Which stage of the sales cycle matters most?
The close seems to get all the attention because that’s where all the action is, but think carefully about how you got there. Take a look at your last success and evaluate how crucial the discovery call and other early sales meetings were in setting expectations and proving your value to the prospect right out of the gate.
The discovery call sets the course for the entire adventure to come. The better your preparation here, the fewer surprises you and your prospect will encounter in future conversations along the customer journey.
To prepare for sales meetings that will help you engage your prospects, follow the four steps in the discovery call checklist below -- these strategies will help you gain a bird’s eye view of your prospect’s pain points and roadblocks. The information you collect at this stage lets you know where you’ll need to allocate resources on the way to the close. Best practices in the sales discovery call will keep your prospect on the right path to becoming the happy customer at the end of the rainbow.
Step 1: Stay Balanced
No matter how much you have to say during your first sales meeting with a prospect, strive to listen just a bit more than you talk. Data from Gong found that top-performing reps spoke 46 percent of the time and listened 54 percent of the time. Average reps had a talk-listen ratio of 68-32, and the lowest performers tended towards monologues with a 72-28 talk-listen ratio. You also don’t want to flip the tables too far in the other direction - if your prospect is the only one doing the talking, how will they learn about your company? Like any good conversation, balance is key here.
Another conversation metric to consider is the “speaker switch” rate, as you and customer take turns discussing issues. The more frequent speaker switches there are, the more likely it is that you have an engaging conversation and a good match with your prospect.
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Step 2. Nail Down Your Goals Prior to the Call
Research the account you’re targeting well enough to understand what the goals of this sales meeting should be. You want to understand the problems they’re looking to solve as much as possible before you speak, as well as understand the gaps in your knowledge about them so you know what questions to ask.
For example, if your prospect’s company just reduced headcount, will they have the budget for your tool? By knowing this news about their company you can show you’re serious about helping them, and be thoughtful about how to flip a negative into a positive. For instance, with lower headcount, now is the perfect time for your prospect to invest in tools that will increase productivity on their smaller team.
However, in addition to selling your prospect on your solution, you need to use this call to qualify them! Be sure to get the low-hanging qualifiers out of the way before either of you invests too much time in the conversation. In the tech industry, a top concern is is your solution will work with their existing or imminent tech stack. Get practical considerations out of the way early to avoid big problems later on.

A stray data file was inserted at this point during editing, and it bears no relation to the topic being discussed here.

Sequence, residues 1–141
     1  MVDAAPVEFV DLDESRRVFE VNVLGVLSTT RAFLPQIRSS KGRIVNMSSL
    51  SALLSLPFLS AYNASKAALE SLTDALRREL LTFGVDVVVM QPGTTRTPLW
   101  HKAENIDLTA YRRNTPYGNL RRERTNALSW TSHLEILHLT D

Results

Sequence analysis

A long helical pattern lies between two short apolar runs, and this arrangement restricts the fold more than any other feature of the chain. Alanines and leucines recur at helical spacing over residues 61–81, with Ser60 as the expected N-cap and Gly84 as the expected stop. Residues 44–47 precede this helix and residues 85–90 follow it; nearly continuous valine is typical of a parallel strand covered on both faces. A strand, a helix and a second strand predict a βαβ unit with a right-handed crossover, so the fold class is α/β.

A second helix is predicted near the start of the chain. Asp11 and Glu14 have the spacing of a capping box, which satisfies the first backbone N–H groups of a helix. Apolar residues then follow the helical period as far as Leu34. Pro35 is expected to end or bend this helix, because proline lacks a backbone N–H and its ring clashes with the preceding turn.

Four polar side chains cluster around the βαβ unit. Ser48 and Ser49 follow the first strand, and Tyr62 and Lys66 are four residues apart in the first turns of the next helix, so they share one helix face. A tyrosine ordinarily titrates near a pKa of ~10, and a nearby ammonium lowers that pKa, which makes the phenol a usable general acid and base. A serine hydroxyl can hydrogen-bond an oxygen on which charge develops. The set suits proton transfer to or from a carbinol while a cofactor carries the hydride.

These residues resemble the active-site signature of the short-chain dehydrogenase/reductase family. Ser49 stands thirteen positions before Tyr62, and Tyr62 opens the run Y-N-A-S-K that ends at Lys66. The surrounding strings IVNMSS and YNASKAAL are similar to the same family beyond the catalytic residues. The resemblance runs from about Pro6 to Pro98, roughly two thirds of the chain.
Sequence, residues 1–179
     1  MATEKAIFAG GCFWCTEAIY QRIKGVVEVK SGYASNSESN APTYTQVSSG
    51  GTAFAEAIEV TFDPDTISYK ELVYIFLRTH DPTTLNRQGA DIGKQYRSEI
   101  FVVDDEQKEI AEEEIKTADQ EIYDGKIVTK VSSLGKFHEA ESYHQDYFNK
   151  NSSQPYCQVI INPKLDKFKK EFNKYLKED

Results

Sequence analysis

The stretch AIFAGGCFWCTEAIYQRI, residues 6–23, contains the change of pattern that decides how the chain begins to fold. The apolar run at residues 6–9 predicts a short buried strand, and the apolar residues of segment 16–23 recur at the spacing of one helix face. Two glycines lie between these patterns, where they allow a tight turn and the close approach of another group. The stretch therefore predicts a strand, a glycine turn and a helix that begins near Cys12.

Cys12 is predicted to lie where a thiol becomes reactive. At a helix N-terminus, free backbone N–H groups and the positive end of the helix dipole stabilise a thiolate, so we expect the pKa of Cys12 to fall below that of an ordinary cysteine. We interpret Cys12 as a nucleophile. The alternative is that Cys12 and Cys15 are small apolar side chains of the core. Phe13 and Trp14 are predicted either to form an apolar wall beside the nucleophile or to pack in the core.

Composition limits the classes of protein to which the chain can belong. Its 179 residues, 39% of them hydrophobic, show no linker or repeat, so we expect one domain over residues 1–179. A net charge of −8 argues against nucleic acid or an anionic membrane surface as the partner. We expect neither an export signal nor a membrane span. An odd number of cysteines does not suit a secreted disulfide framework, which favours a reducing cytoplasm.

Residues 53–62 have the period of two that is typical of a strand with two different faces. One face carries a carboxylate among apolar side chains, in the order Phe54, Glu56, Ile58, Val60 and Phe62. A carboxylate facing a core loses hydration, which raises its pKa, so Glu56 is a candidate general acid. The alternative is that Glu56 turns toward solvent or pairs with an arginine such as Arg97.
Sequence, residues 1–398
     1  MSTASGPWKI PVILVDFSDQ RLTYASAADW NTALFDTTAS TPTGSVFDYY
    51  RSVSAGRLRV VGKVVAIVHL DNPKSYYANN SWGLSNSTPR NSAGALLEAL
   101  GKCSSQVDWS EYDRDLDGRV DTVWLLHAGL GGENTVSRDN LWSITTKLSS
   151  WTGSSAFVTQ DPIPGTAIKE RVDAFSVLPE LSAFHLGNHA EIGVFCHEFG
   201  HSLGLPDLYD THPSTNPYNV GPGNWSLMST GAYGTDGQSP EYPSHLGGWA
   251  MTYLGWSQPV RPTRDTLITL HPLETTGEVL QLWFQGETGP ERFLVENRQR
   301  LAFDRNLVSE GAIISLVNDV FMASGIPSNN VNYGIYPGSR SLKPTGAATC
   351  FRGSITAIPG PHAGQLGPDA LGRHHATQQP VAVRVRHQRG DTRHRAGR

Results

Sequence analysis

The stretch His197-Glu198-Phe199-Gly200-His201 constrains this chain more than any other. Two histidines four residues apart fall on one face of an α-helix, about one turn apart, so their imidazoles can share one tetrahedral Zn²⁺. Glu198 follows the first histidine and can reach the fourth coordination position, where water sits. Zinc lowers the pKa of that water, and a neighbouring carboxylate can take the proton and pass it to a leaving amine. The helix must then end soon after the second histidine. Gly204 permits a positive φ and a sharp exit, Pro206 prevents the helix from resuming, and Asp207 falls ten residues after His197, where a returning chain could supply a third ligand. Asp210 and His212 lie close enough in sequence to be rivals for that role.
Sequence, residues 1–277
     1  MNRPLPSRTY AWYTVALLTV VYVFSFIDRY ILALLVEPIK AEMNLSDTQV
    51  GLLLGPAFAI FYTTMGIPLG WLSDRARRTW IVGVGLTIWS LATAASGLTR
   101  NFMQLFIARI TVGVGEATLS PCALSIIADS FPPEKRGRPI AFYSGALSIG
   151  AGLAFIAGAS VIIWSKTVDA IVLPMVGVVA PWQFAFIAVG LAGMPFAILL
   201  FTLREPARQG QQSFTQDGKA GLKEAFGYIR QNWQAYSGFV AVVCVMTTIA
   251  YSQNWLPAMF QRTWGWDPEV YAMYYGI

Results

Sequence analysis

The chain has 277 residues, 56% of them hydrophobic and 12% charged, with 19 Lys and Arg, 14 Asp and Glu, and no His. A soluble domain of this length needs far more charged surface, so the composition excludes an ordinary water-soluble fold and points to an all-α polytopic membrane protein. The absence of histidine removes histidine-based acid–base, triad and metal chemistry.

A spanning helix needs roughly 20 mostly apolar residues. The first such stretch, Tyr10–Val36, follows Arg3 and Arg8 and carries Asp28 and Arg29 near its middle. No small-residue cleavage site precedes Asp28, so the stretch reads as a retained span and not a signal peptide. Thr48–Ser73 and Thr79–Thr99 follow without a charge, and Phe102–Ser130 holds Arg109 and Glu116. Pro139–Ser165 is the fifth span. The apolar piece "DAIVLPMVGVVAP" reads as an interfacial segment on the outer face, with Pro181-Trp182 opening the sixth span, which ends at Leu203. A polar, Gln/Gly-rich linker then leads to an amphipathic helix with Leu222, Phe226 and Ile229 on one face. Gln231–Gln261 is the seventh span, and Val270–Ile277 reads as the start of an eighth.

Step 3. Practice Active Listening
While most people can listen to around 125-250 words per minute, we tend to think at around 1000-3000 words per minute. That’s a huge discrepancy between what the person on the other end of the line is saying and where your mind is wandering off to! On both sides of the conversation, people tend to fill up the extra microseconds by thinking about what they are going to say next. That’s why so much important information is lost or misunderstood on discovery calls.
Train yourself to quiet your thoughts and really listen to what the prospect is saying. Less than 2 percent of the population have had any formal training in listening, so this is one skill area where you can easily secure a competitive advantage over the other reps at competing companies.
Additionally, scripts are very helpful but don't just respond to questions or objections with your go to response - actually listen to what your prospect is saying! Understand their objections on a deeper level. Ask follow up questions. You'll learn more about your customer and be better prepared to help them.
Step 4. Agree on Your Next Steps
You just had a great call - now what? Save the last 5 minutes to summarize what you discussed, make sure your thoughts are in alignment, and agree on the next step. Refer back to the checklist of items or questions that you wanted to cover and ensure that everything was covered. Based on the outcome of your call, you’ll know whether your prospect is not qualified at the moment or whether you’re moving forward. Most importantly, use the right sales meeting follow up tactics to ensure your next steps actually happen.
The Age of Discovery
Every sales rep in the world has 24 hours in a day. Leading sales reps are simply investing these hours more wisely by qualifying their leads early on and spending more time with prospects that convert. The discovery call can serve as your staging area where you determine which prospects should be your priorities and what they are likely to need throughout each step in the pipeline. Use these four tactics to elevate your sales meetings and discover your best prospects for the road ahead.
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